Sunday, February 19, 2012
Collapsed in His Embrace
I heard a dull thump as I entered the church. Like a heavy heart thrown against the floor.
I wasn’t far off.
We had a special speaker that Sunday morning, a potter. He stood near the edge of the platform with a large block of red clay in his hands and slammed it onto the tarp-covered stage. Then he picked it up and slammed it down again.
I knew the Old Testament account of God sending Jeremiah to the potter’s house. I liked the part about the artisan creating a useable vessel. I didn’t like what I was seeing at the moment.
Our guest held cold and unyielding clay. He had to soften it, make it pliable before he could use it. The force of his throw surprised me, but his purpose was clear and focused. Justified, though fierce.
The Bible hadn’t mentioned this part. Did it apply, too?
The potter seated himself behind his wheel, a small mound of formless clay in the center of it. He set it to spinning, dipped his hands in a bowl of water, and then tenderly grasped the clay, wrapping his fingers around it, smoothing it upward, downward, dipping again in the water and returning to the clay.
His slightest impression made a rim at the top. The potter pressed his fingers into the clay and slowly it cratered. He reached into the center and pulled, it seemed, for the sides beneath the edge began to grow, stretching upward and out. All this time he spoke, telling us how God had worked in his life, how He had carried him through divorce and loneliness, out of darkness and into light. Into marriage again. Into ministry. His voice soothed us as gently as his fingers smoothed the clay that transformed before our eyes.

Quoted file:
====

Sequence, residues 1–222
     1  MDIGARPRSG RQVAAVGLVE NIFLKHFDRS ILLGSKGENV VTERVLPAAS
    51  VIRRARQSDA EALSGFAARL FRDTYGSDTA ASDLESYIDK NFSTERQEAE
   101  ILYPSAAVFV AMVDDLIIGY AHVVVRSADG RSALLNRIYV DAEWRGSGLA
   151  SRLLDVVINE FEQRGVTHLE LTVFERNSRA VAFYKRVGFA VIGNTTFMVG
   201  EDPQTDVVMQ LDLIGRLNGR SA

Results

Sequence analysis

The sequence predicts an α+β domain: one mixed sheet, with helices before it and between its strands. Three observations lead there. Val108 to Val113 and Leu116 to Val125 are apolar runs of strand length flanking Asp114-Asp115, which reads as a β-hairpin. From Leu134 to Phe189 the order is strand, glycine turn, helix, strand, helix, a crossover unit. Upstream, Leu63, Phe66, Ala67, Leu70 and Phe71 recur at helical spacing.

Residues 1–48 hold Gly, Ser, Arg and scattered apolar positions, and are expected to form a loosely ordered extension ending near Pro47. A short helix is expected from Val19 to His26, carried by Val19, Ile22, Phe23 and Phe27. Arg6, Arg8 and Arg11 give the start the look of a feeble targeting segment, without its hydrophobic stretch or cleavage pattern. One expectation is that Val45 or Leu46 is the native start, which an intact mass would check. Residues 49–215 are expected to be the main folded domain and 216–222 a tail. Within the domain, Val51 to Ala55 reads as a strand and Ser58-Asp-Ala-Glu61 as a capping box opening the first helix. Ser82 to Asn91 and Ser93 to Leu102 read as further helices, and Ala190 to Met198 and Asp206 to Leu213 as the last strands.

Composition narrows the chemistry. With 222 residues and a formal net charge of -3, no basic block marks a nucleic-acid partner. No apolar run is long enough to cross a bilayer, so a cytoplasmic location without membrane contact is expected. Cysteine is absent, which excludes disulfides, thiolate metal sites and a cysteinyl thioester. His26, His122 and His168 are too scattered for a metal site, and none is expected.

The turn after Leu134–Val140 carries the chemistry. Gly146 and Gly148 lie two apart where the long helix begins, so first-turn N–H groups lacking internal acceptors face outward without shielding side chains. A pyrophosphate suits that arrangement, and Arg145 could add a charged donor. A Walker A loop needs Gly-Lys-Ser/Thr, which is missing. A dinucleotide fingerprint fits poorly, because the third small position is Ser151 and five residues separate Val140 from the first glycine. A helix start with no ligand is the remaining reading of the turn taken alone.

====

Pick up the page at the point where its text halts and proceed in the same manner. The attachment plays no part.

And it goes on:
The potter’s patience and pressure created a large bowl from that formless lump. Just the right amount of water, just the right speed of the wheel, just the right movement of his fingers. We were transfixed by the miracle.
He stopped, dried his hands on a towel, and picked up a tall, stately vase from a nearby pedestal. He continued speaking, but his words slipped away as I fixed my eyes on the vase, not yet fired, still the dark copper color of workable clay. As he spoke, he turned the lovely vase in his hands, revealing the other side—disfigured by jagged cuts that marred its symmetrical grace and made it unfit to use.
And then he wrapped his arms around the piece and pressed it to his body, crushing it against his chest. The vase collapsed in his embrace, and he folded it over and into itself and spoke of how he would remake it.
It would be new, he said. Nothing would be lost.
He would make it a worthy vessel, a thing of beauty and purpose again.
In that moment I felt the gentle pressure of fingers on my heart. And I understood the hope of healing at the touch of the Potter’s hand.